The `unknown_symbol_resolver_callback` argument to the `Expression` constructor accepts a callable which is invoked whenever a symbol (i.e. a variable or a constant), is not found in the `Symbol_Table` given by the `symbol_table` argument. The `unknown_symbol_resolver_callback` can be used to provide a value for the missing value or to set an error condition.

The callable should have following signature:

```    def callback(symbol_name):
...
```

Where `symbol_name` is a string identifying the missing symbol.

The callable should return a tuple of the form:

```    (HANDLED_FLAG, USR_SYMBOL_TYPE, SYMBOL_VALUE, ERROR_STRING)
```

Where:

• `HANDLED_FLAG` is a boolean:
• `True` indicates that callback was able handle the error condition and that `SYMBOL_VALUE` should be used for the missing symbol.
• `False`, flags and error condition, the reason why the unknown symbol could not be resolved by the callback is described by `ERROR_STRING`.
• `USR_SYMBOL_TYPE` gives type of symbol (constant or variable) that should be added to the `symbol_table` when unkown symbol is resolved. Value should be one of those given in `cexprtk.USRSymbolType`. e.g.
• `cexprtk.USRSymbolType.VARIABLE`
• `cexprtk.USRSymbolType.CONSTANT`
• `SYMBOL_VALUE`, floating point value that should be used when resolving missing symbol.
• `ERROR_STRING` when `HANDLED_FLAG` is `False` this can be used to describe error condition.
##### def init(self, expression, symbol_table, unknown_symbol_resolver_callback = None):

Instantiate `Expression` from a text string giving formula and `Symbol_Table` instance encapsulating variables and constants used by the expression.

Parameters:

• expression (str) String giving expression to be calculated.
• symbol_table (Symbol_Table) Object defining variables and constants.
• unknown_symbol_resolver_callback (callable) See description above.
##### def value(self):

Evaluate expression using variable values currently set within associated `Symbol_Table`

Returns:

• (float) Value resulting from evaluation of expression.
##### def call(self):

Equivalent to calling `value()` method.

Returns:

• (float) Value resulting from evaluation of expression.
##### symbol_table

Read only property that returns `Symbol_Table` instance associated with this expression.

Returns:

• (Symbol_Table) `Symbol_Table` associated with this `Expression`.

#### class Symbol_Table:

Class for providing variable and constant values to `Expression` instances.

##### def init(self, variables, constants = {}, add_constants = False):

Instantiate `Symbol_Table` defining variables and constants for use with `Expression` class.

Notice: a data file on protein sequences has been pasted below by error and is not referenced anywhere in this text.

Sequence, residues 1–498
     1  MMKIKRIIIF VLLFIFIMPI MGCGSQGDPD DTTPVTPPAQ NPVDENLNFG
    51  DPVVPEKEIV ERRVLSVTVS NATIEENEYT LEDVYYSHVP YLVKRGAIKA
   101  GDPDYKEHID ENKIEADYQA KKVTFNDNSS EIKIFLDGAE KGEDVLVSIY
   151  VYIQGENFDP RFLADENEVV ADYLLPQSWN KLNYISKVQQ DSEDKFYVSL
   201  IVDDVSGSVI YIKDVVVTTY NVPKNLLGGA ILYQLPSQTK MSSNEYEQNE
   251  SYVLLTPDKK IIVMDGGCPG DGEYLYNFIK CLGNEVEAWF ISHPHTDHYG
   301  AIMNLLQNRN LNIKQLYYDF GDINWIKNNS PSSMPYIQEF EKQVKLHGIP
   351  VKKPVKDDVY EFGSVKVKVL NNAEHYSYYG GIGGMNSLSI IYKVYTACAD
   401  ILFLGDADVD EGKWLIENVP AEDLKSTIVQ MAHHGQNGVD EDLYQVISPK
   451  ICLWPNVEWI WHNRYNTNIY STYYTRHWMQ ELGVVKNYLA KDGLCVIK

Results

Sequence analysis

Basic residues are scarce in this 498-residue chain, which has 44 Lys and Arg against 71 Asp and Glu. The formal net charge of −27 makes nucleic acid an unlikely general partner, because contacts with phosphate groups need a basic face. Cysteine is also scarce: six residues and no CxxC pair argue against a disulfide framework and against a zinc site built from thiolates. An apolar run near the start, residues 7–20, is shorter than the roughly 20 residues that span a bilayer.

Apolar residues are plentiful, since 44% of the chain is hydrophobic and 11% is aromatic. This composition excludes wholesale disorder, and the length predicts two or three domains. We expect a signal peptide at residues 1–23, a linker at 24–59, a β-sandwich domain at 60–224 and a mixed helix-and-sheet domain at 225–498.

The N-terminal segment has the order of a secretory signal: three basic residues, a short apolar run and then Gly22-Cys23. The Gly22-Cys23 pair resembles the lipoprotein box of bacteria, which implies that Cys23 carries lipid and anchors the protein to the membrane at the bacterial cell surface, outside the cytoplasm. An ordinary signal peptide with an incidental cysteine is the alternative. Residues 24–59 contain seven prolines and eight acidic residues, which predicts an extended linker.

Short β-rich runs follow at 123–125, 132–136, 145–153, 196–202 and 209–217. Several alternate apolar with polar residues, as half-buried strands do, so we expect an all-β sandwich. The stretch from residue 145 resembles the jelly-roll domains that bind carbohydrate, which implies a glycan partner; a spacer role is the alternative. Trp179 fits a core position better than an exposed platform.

Example:

• To instantiate a `Symbol_Table` with:
• `x = 1`
• `y = 5`
• define a constant `k = 1.3806488e-23`
• The following code would be used:

```python st = cexprtk.Symbol_Table({'x' : 1, 'y' : 5}, {'k'= 1.3806488e-23})```

Parameters:

• variables (dict) Mapping between variable name and initial variable value.
• constants (dict) Dictionary containing values that should be added to `Symbol_Table` as constants. These can be used a variables within expressions but their values cannot be updated following `Symbol_Table` instantiation.
• add_constants (bool) If `True`, add the standard constants `pi`, `inf`, `epsilon` to the 'constants' dictionary before populating the `Symbol_Table`
##### variables

Returns dictionary like object containing variable values. `Symbol_Table` values can be updated through this object.

Example:

```    >>> import cexprtk
>>> st = cexprtk.Symbol_Table({'x' : 5, 'y' : 5})
>>> expression = cexprtk.Expression('x+y', st)
>>> expression()
10.0
```

Update the value of `x` in the symbol table and re-evaluate the expression:

```    >>> expression.symbol_table.variables['x'] = 11.0
>>> expression()
16.0
```

Returns:

• Dictionary like giving variables stored in this `Symbol_Table`. Keys are variables names and these map to variable values.
##### constants

Property giving constants stored in this `Symbol_Table`.

Returns:

• Read-only dictionary like object mapping constant names stored in `Symbol_Table` to their values.

#### class USRSymbolType:

Defines constant values used to determine symbol type returned by `unknown_symbol_resolver_callback` (see `Expression` constructor documentation for more).

##### VARIABLE

Value that should be returned by an `unknown_symbol_resolver_callback` to define a variable.

##### CONSTANT

Value that should be returned by an `unknown_symbol_resolver_callback` to define a constant.

### Utility Functions

#### def check_expression (expression)

Check that expression can be parsed. If successful do nothing, if unsuccessful raise `ParseException`.

Parameters:

• expression (str) Formula to be evaluated

Raises:

• `ParseException`: If expression is invalid.

#### def evaluate_expression (expression, variables)

Evaluate a mathematical formula using the exprtk library and return result.

Parameters:

• expression (str) Expression to be evaluated.
• variables (dict) Dictionary containing variable name, variable value pairs to be used in expression.

Returns:

• (float): Evaluated expression

Raises:

• `ParseException`: if expression is invalid.

## Authors

Cython wrapper by Michael Rushton (m.j.d.rushton@gmail.com), although most credit should go to Arash Partow for creating the underlying ExprTK library.

`cexprtk` is released under the same terms as the ExprTK library the Common Public License Version 1.0 (CPL).